Cannabis greenhouses and retail shops usually use use of 24-hour lighting, heating, ventilation systems, and air-conditioning, which often lead to expensive and environmentally irresponsible outputs.
The panel of cannabis and non-cannabis professionals included Amy Andrle, an owner of L’Eagle cannabis farm and dispensary; Emily Backus, the Sustainability Adviser for the City of Denver; Doug Hargrave, of iconergy; and Ben Gelt, of the Organic Cannabis Association.
The panel mentioned these ten areas for sustainability:
- LED lighting
- Motor efficiency
- Variable frequency drives
- Use economizers in air handlers
- HVAC system retrofits
- Automate production equipment – implement precision scheduling
- Demand Response / Load shedding – minimize demand at utility peak times
- Retro-Commissioning of systems
- Solar Photovoltaics – rooftop and or ground mount systems
- Utilities – “all the above” approach to get best ROI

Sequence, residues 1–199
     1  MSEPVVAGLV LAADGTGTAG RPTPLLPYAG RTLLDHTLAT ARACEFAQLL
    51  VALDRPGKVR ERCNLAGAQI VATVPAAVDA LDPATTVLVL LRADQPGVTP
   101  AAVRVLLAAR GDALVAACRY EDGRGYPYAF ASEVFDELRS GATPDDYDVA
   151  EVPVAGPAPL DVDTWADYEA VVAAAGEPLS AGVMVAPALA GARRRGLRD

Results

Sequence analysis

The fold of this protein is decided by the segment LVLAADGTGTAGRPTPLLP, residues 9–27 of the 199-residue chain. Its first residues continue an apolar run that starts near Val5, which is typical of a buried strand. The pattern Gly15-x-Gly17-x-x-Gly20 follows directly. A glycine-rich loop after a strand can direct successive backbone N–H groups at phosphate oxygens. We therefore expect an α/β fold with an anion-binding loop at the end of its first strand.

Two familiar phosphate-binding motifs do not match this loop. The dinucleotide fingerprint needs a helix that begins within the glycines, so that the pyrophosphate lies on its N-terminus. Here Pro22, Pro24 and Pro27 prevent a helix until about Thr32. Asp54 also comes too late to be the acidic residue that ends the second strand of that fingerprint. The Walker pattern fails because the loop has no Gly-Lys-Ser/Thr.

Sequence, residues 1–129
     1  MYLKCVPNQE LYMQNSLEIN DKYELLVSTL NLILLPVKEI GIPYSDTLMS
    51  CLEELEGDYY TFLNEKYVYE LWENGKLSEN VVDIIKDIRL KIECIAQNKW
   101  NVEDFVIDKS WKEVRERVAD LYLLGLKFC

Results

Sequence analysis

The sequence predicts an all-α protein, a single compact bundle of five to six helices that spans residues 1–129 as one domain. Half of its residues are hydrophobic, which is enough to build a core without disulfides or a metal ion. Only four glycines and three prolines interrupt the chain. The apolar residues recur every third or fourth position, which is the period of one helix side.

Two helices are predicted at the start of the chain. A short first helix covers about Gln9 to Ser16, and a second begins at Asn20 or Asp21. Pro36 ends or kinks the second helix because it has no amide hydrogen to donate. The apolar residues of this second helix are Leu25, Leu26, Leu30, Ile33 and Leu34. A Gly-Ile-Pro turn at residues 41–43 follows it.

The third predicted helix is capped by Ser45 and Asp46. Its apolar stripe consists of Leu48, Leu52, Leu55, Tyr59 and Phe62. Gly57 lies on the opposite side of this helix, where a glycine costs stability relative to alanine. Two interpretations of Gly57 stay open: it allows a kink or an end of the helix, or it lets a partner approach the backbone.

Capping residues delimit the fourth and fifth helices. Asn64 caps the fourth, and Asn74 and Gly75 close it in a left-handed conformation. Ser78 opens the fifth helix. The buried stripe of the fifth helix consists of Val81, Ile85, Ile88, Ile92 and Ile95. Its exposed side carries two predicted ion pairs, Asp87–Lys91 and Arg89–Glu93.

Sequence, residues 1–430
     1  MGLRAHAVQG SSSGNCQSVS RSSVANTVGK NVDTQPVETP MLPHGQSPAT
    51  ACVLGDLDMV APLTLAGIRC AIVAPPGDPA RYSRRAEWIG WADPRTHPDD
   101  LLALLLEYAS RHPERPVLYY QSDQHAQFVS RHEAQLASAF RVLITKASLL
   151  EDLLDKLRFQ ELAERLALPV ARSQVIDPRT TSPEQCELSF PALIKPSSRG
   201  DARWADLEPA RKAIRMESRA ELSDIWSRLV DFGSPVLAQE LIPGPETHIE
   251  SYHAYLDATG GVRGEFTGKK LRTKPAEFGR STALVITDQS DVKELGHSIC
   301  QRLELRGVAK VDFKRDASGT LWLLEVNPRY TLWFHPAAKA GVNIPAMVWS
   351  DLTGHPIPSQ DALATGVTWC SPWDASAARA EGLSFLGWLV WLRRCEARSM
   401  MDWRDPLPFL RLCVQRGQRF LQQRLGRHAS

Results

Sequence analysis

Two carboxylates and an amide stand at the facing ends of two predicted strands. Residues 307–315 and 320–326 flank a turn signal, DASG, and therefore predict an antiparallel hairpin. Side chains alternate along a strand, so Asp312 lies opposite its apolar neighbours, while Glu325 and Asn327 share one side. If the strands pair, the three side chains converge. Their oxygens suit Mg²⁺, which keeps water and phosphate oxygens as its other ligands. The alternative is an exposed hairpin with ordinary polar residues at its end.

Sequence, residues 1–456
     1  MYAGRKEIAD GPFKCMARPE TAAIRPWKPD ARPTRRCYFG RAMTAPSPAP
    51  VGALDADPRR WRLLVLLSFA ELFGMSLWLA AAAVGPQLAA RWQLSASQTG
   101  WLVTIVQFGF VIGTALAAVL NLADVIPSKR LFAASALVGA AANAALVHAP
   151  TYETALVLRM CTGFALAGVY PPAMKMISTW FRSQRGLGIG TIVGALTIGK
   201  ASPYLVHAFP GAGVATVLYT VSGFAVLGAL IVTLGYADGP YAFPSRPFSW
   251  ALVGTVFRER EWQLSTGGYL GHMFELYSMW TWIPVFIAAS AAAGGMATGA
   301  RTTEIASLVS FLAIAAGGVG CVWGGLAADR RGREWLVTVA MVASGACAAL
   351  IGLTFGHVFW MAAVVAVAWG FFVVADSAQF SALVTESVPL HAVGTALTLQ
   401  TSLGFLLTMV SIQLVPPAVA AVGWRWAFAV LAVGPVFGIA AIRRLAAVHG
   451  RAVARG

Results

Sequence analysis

And the demand will only grow as the number of states that legalize recreational marijuana increases.
The panel agrees that without the use of efficient equipment, these facilities will be responsible for vastly increasing greenhouse gas emissions and an intensifying demand on the power grid.
Backus, the Sustainability Advisor for the City of Denver the barriers for these businesses in adopting more sustainable practices:
- The best practices are unknown, or in development
- There’s a historic culture of secrecy in the cannabis space (now diminishing)
- Federal funding barriers
- Distrust of new equipment and technology, due to faulty products marketed in recent years
- Rapid technology development in the space
- Variation in growing techniques and different needs
Legal indoor marijuana grows account for 1 percent of the total electricity use in the U.S., equating to a production of 15 million tons of greenhouse gas emissions annually, according to the panel.
As one of the nation’s most energy intensive industries, it’s an issue that’s important to consider as the sector continues to grow.